Packaged Meals and Clinics - Nutrisystem, Medifast, Jenny Craig, Etc - I was given a ton of expired Jenny Craig meals, still safe to eat?




Oppurtunity
04-21-2007, 04:55 PM
Most of them expired in August of 2006. I haven't looked at every single one but that's what the ones I looked at said. They're the kind you put into the microwave for a few minutes, so are they still safe to eat 8 - 9 months after expiration?


x Yael x
04-21-2007, 06:01 PM
I would say no. There's a reason they put expiry dates on them. A week after I'd say maybe, but 9 months..I wouldn't risk that.

kaplods
04-21-2007, 06:24 PM
If these are frozen dinners, pitch them, they will be inedible, however if these are dry or "canned" products (canned, or shelf-stable sealed pouches), they actually probably are still edible. Often these expiration dates, are actually "use by" dates, rather than true expiration dates. One thing you need to know, is when the items where purchased compared to the "use by" or "expiration" date. If the date listed is several years past the purchase date, even an extra year isn't going to affect quality, because the "use by" date is actually when the product will start to lose quality under the least ideal storage methods. If they were stored properly, they're probably fine, but being these were products given to you, you may not know either the purchase date or the storage conditions. You may be able to guess purchase date, based on similar current Jenny Craig products and their listed use by dates.

Still, "safe" to eat, isn't always the same as "good," since canned, dried, and otherwise preserved foods lose quality over time much more quickly than they lose edibility, mostly dependent on the conditions they were stored under. If they were stored in any extremes of temperature (excessively warm, cold, sunny or damp), they will lose quality more quickly than if stored in a dark, cool, dry space.


Oppurtunity
04-21-2007, 06:38 PM
They did not require refridgeration and it says Best Before so&so date. I think I'll try one tonight and if I don't like it I'll just give them to my sister or something.

maryblu
04-21-2007, 07:15 PM
I am just lol......I love it.....the only things my SO and I fight about are politics and date codes. He is just anal about it, and I push it......live on the edge. And then I read the part about giving to your sister, and that made me laugh again. I say go for it, but what do I know?

HarpoChicoGroucho
04-22-2007, 02:52 AM
I'd eat them -- but the running joke with me and my dad when I was growing up is that we would eat anything -- leftovers laying around, really old stuff. and cold food from the refrigerator (that's supposed to be a big no-no for food safety precautions) and we never got sick. My mom said we had iron stomachs. I buy expired protein bars from Ebay --- and eat them and I don't get sick. The only thing I think that would go wrong is that they may have lost some nutrients. My rule is if it doesn't smell bad when you heat it up or open it, eat it.

MariaMaria
04-22-2007, 03:06 AM
Cooked/nuked and hot? If they don't smell weird once they're cooked, I'd eat them.

kaplods
04-22-2007, 04:39 AM
Yep, the "best by" date is a dead give away that they are shelf-stable "canned" products, which mean if the seal isn't broken, and they've been stored properly they can last a VERY long time. The look, cook, sniff, taste test should be fine.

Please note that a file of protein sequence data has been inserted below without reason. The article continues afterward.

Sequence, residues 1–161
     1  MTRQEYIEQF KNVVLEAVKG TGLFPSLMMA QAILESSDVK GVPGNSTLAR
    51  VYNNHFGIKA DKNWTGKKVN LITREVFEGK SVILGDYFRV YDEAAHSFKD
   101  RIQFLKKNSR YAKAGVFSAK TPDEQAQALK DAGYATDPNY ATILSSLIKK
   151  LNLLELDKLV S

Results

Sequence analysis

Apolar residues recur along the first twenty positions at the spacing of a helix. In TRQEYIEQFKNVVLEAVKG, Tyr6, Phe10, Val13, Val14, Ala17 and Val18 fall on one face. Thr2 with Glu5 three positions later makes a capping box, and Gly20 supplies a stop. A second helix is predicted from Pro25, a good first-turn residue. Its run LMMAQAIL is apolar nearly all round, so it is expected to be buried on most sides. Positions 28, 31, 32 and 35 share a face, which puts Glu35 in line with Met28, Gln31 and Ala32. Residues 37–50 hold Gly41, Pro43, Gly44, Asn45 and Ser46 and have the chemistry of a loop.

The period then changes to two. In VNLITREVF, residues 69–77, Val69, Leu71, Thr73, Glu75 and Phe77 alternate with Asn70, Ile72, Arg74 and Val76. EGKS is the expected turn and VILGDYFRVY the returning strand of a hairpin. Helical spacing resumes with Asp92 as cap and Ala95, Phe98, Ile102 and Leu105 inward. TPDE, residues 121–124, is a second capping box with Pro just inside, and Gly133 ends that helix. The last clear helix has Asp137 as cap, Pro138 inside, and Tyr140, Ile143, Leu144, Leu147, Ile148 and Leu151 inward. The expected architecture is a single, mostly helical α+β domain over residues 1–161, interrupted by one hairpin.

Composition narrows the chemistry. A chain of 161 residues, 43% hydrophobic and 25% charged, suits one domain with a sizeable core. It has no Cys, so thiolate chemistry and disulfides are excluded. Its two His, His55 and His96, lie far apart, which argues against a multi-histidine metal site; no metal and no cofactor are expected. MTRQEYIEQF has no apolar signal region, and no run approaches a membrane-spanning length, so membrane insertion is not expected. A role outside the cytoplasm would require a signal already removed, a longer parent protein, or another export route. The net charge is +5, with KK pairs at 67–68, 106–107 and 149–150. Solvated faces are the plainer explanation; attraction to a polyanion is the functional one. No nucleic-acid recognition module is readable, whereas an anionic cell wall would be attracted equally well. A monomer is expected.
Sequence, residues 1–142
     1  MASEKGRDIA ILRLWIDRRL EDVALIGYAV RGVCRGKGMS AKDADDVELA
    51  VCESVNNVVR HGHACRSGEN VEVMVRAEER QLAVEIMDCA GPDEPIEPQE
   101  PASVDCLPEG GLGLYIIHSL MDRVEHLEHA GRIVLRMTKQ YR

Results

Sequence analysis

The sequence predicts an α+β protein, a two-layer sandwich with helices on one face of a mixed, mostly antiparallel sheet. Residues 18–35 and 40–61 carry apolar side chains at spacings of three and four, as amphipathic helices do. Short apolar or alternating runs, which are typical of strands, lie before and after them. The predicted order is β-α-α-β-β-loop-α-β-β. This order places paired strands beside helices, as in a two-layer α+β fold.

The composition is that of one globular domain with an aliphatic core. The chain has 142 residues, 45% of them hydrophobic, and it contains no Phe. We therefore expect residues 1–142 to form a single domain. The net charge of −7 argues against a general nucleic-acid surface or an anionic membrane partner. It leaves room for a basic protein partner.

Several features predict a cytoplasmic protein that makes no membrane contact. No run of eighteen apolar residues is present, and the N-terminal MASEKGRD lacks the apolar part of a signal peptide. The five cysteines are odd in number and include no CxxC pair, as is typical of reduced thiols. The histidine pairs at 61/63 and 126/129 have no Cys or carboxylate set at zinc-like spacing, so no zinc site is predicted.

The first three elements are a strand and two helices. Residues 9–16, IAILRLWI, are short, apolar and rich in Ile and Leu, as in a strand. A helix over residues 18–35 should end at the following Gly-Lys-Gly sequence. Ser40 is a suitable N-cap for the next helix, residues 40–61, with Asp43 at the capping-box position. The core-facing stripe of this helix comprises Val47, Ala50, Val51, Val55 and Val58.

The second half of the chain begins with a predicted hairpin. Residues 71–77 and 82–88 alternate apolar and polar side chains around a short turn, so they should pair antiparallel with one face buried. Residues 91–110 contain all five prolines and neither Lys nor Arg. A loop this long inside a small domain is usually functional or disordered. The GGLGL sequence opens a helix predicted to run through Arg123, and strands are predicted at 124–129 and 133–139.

x Yael x
04-22-2007, 04:50 AM
Tell us how they are! I'm interested to know lol

kaplods
04-22-2007, 10:36 AM
I remember having heard that canned food was safe nearly indefinitely if stored properly and the seal remains intact. Since foods can now be "canned" in plastic and foil pouches, I'm not sure if they last as long, but I did find this by googling canned food shelf life:

Canned food has a shelf life of at least two years from the date of processing. Canned food retains its safety and nutritional value well beyond two years, but it may have some variation in quality, such as a change of color and texture. Canning is a high-heat process that renders the food commercially sterile. Food safety is not an issue in products kept on the shelf or in the pantry for long periods of time. In fact, canned food has an almost indefinite shelf life at moderate temperatures (75° F and below). Canned food as old as 100 years has been found in sunken ships and it is still microbiologically safe! We don't recommend keeping canned food for 100 years, but if the can is intact, not dented or bulging, it is edible.

walking2lose
04-22-2007, 11:09 AM
Not sure that I personally would eat them, but I will tell you that I recently saw this tv show -- it was a huge family of maybe 10 kids with working dad and stay at home mom. The show focused on how they manage to feed, clothe, take care of that many kids. One whole segment focused on them grocery shopping -- they look for and buy expired food -- even meats. They said they are fine and they have never been sick. Obviously the stuff is marked down to half price or something.

I have been hospitalized for food poisoning before, so I'm not sure if I could overcome my visceral response to that experience to eat expired foods-- maybe a few days or month but not 6 months. For what it's worth though, some people do it.

Oppurtunity
04-24-2007, 08:39 PM
None of it's in a can. It's in boxes inside plastic-wrapped plates. Basically like a Lean Cuisine/Healthy Choice meal but it doesn't require refridgeration.

Anyway, I ended up not eating any until tonight kind of out of fear. But I decided tonight to try one! And it's not bad! It's not great or anything, but it tastes fine. I doubt it tasted much better when it was fresh, heh. It is Jenny Craig afterall. ;)

kaplods
04-25-2007, 12:06 AM
Even though they're not in a can, they're still technically "canned," as heat processing is used to destroy bacteria. Only metal or glass would hold up to heat used in canning "in the old days," but modern plastics, foils, and processing techniques allow them to use the plastic containers, with the sealed tops, foil packets and even foil and waxed lined paper (like the soups and chilis you might have seen in the carton) in place of a more traditional glass or metal "can."